At a Coffee Shop

Over the last few weeks, it seems like I’m ALWAYS at a coffee shop.  Which I personally don’t mind, since it gets and keeps me out of the house.  But, I don’t think the volume of coffee I’m drinking is very healthy.  Oh well, I’ll worry about that later.

 

Another week, and like I always say, any progress is good.  Even though it doesn’t feel like we’re moving forward, it all adds up.  At some point after a few weeks/months, we’ll look back and be impressed with how much we’ve completed.

 

Just a few items from this week:

 

  • After a few weeks, and honestly a couple years, I’ve finally made it into the US Embassy here in La Paz (pictured below). It’s not difficult to do, it just always seemed that some new hassle came up.  Nothing exciting about my visit; just got some documents notarized.
  • As I continue to work with my legal team, I’m still in the process of getting my INTERPOL requirements completed. At some point, I’ll have an official Bolivian ID!
  • Spanish classes continue every day. I only have about five (5) more years until I can buy groceries without any trouble… L
  • A revised proposal was sent to our internet delivery partner, ABE, which we’re hoping to continue those conversations next week.
  • We postponed our trip to Torotoro since we determined it wasn’t very urgent at this point.I may be going down in September instead, which may be better since I’ll know a bit more Spanish.

Again, none of the above is very sexy, but it’ll all add up.  On a personal note, I think I’ve finally acclimatized, since I’m able to run six (6) miles at 11,600 feet.  I don’t mind putting in the exercise, since it always allows me to eat pretty much whatever I want.  And being “new” to Bolivia, it’s good to try out new food!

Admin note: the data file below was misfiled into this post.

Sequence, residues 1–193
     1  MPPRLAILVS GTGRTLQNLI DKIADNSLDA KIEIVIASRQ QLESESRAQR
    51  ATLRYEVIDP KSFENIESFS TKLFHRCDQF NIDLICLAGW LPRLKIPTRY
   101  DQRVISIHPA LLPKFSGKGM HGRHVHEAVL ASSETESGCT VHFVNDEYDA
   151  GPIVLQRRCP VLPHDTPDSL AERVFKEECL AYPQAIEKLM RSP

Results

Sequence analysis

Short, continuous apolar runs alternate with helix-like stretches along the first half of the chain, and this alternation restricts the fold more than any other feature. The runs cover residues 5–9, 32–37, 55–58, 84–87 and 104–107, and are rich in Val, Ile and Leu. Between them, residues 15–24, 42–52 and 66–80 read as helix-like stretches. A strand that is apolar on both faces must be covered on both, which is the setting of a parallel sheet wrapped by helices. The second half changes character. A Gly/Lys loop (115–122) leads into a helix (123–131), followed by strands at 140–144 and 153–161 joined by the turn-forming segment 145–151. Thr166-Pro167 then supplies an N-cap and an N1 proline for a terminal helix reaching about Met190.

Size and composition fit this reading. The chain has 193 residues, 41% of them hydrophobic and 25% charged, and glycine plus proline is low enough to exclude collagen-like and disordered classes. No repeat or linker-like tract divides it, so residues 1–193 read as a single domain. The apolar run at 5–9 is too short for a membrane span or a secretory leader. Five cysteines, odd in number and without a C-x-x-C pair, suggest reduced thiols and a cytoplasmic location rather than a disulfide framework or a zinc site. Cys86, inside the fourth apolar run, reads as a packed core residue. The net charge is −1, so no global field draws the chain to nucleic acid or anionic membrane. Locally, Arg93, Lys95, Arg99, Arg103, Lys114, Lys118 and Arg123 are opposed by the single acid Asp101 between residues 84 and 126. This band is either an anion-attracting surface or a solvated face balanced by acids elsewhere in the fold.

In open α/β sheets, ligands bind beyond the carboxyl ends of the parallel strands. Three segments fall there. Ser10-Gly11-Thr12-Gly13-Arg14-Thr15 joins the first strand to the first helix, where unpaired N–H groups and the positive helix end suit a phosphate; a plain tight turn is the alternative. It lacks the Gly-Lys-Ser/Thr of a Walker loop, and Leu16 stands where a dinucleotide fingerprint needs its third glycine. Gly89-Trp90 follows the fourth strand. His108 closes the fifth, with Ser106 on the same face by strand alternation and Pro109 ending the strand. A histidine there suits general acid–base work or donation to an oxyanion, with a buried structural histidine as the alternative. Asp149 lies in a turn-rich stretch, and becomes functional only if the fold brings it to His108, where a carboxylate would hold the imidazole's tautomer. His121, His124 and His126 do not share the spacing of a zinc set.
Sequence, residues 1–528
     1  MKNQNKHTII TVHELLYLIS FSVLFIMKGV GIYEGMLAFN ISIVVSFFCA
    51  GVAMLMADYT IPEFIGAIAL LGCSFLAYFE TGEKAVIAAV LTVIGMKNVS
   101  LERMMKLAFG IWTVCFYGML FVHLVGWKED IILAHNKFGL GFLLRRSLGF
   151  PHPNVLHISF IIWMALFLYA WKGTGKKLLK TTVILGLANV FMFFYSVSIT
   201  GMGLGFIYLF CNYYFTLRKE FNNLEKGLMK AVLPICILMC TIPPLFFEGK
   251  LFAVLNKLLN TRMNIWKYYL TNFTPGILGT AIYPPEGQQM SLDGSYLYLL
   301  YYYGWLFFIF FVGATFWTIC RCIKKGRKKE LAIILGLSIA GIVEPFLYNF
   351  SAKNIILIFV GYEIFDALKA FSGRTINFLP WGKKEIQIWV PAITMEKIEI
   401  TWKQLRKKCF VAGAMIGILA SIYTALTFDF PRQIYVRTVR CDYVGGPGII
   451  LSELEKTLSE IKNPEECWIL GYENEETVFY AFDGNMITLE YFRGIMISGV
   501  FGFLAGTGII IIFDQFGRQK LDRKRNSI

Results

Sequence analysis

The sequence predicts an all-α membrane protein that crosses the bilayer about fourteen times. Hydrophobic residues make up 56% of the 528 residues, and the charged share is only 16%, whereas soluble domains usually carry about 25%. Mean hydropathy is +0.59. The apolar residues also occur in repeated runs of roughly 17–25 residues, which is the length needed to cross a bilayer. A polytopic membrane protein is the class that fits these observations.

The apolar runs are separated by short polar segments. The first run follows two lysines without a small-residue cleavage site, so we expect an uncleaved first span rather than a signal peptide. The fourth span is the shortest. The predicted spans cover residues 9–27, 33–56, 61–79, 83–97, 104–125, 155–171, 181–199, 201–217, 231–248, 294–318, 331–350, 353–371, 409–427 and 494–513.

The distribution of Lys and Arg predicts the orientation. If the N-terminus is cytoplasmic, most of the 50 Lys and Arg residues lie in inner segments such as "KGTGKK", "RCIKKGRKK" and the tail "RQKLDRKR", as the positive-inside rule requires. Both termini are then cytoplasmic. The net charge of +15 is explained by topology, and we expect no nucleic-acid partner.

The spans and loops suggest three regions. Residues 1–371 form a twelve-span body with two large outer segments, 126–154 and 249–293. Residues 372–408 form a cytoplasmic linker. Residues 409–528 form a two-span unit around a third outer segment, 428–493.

More to come next week…

In Limbo

Another week, another strike.  Over the last couple of weeks, I’ve been wanting/waiting to visit a park about six hours from La Paz; called Sajama.  Of course, with that visit to the park, there’s a peak there that I’d like to bag.  BUT, they’ve closed the park entrance due to a strike, so we’re not able to get near the mountain.  Plus, they’ve received 60 inches of snow over the last week, which can cause issues with seeing crevasses… I sure am glad I have the flexibility, and not traveling just for this peak!

So, I wait a couple more weeks to try again.  Which, of course, gives me more time to work! We’ve made some progress on a few fronts over the last couple of weeks.  Some of the key areas:

 

  • Meetings with ABE, our internet delivery/service provider. They have been very accommodating and receptive to some of our ideas, and we’re excited about the opportunity to partner with them over the next 6-9 months.
  • We’ve made some solid progress in terms of all of our accounting procedures. As anyone in business knows, accounting practices are pretty important.  Especially when you have a mix of corporate formations and are transferring money between two countries.
  • I’m scheduling time to reconnect with our team in Torotoro, the place where our initial project sites are located. I’m hopefully going to head there in late July/early August to determine new project sites.

 

Of course, there are the daily challenges of being an expat.  For some reason, I always have difficulties at the super market; they love to hassle me there.  But with each passing day, things are SLOWLY getting better.  I love the public transportation here, finding new places to eat, getting more comfortable with the daily routine, et al.

 

I read a quote the other day; “Your hardest times often lead to the greatest moment of your life. Keep the faith.  It will all be worth it in the end”.  I sure hope so…